How To Use a Survey & Research Report Strategy for PR

Surveys, original research and proprietary data reports are effective tools for PR, marketing and sales. Here’s how to build compelling ones.

We recently saw a stat that 68% of journalists “want to see original research and trend data in pitches.” We can attest. Insight-based PR programs — fueled by research and survey reports — are one of our own tried and true tactics.

The reason they’re so effective? Smart and timely thought leadership is a vital component of nearly every B2B communications strategy (as well as some B2C strategies) and thought leadership backed by data is far more authoritative.

If done right, original research and data reports can result in a flurry of on-message press coverage that effectively reaches potential customers while greatly increasing brand awareness — and can be cornerstone content for related marketing and sales efforts.  

Survey and research reports for PR

PR-focused research hubs differ from pure-play market research. The latter is meant to collect data to inform business decisions such as product development and marketing strategy. The former is about catching the attention of your external audiences and stakeholders with a story.

Insight reports can be built with a few different data types. Generally, these are:

  • Surveys: Surveys can be conducted with a specific consumer demographic or industry/professional audiences. They’re often done via online survey tools, either with a built-in audience that you can customize or to send to your own list of contacts. With surveys, you create your own line of questioning.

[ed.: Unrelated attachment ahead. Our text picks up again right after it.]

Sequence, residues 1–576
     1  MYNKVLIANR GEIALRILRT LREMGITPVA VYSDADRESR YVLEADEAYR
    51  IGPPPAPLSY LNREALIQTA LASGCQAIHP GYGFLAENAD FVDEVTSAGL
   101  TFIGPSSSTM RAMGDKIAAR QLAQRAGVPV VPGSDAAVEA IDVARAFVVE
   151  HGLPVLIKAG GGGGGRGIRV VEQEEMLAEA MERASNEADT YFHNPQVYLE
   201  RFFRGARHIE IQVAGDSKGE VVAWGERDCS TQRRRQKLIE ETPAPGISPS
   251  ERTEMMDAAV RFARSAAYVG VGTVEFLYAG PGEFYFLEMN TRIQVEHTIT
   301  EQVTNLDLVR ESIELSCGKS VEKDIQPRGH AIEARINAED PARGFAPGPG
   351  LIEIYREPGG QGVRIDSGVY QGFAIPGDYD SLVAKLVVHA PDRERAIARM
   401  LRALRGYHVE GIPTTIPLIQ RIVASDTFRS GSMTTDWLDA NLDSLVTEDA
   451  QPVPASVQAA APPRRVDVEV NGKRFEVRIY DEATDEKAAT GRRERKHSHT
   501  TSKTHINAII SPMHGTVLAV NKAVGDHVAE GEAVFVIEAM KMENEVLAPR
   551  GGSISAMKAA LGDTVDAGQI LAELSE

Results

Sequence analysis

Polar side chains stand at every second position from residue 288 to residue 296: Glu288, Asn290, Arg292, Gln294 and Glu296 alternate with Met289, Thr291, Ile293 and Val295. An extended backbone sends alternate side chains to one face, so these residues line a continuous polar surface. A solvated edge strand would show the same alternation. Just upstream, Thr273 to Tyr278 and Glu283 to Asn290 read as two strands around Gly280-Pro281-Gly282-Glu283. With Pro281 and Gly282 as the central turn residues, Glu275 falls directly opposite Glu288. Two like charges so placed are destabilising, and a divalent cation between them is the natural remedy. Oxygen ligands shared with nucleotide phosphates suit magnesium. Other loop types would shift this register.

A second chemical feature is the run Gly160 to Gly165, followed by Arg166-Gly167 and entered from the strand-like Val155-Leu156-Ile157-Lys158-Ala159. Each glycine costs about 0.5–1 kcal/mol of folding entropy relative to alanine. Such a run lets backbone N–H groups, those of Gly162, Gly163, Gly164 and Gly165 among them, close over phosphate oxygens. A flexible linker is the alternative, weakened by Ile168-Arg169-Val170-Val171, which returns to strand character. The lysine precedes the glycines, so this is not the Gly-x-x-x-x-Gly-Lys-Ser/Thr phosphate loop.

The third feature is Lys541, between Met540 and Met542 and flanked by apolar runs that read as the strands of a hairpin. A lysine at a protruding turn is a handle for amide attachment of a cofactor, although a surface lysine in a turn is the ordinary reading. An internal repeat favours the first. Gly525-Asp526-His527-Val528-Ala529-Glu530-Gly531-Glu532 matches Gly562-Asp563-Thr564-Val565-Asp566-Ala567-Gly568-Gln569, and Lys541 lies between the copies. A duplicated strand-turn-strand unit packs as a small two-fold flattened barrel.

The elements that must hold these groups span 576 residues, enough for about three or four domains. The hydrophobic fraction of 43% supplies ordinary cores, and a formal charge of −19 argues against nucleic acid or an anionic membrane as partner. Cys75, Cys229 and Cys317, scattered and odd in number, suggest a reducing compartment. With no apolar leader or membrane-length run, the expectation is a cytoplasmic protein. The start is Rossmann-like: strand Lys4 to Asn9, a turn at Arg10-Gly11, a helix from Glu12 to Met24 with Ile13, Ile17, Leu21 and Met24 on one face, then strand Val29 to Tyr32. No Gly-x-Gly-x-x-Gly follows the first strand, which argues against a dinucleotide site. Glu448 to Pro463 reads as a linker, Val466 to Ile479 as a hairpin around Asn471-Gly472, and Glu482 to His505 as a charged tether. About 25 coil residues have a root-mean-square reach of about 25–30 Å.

• User/Client Data: Analysis can also be conducted on the collective data within a technology solution or across a client base. With this data type, though, the stories can’t just be about product/service usage. Rather, analysis should focus on uncovering proof points of industry trends, challenges, etc. For example, a recruiting technology might compare the percent of job openings that were filled from one quarter to the next to illustrate a market trend around hiring.

The benefits of research hubs

Potential customers, journalists and other key audiences engage most with organizations they see as a true resource. To be seen as a viable solution, companies and their executives need to prove that they fully understand the challenges their industry is going through. That they recognize the significant trends and are anticipating what’s to come.

This is the meaning of thought leadership. And whether it’s delivered in the form of executives pontificating on LinkedIn, owned content (blog posts, whitepapers), earned media opportunities (press interviews, commentary, bylines), or another format, proprietary data is an excellent foundation and supporting asset.

In media relations, survey and research reports are particularly effective for:

  • Getting tier-one coverage without hard news
  • Making subject matter experts stand out in pitches to reporters
  • Adding a fresh news hook to bring corporate narratives and visions to life
  • Boosting brand/business relevance

What we really love about original data reports, though, is that it’s also impactful for marketing and sales.

Not only does it build linkbacks, which boosts SEO and helps drives site traffic. It’s high-value content, so it can also be used across inbound marketing (website content, SEO) and outbound marketing (email, social, paid) as well as in sales enablement (cold outreach, prospect touchpoints).